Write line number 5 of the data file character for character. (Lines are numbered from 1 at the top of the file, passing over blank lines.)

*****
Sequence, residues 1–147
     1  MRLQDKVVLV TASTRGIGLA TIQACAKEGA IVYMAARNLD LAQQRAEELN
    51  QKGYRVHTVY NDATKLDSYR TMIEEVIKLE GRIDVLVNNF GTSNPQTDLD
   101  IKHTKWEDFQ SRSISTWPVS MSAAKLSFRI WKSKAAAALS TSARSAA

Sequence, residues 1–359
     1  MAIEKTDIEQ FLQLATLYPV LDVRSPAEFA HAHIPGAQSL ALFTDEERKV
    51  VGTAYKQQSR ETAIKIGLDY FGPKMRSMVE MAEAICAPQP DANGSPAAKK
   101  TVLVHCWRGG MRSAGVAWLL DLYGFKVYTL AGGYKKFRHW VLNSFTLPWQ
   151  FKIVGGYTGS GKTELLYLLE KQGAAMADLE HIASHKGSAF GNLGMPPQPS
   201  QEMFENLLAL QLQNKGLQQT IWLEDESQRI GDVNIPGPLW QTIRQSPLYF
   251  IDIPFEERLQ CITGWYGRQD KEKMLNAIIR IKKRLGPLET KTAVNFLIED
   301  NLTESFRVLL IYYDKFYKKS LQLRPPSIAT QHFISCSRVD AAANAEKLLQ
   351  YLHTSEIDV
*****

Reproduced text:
Sequence, residues 1–359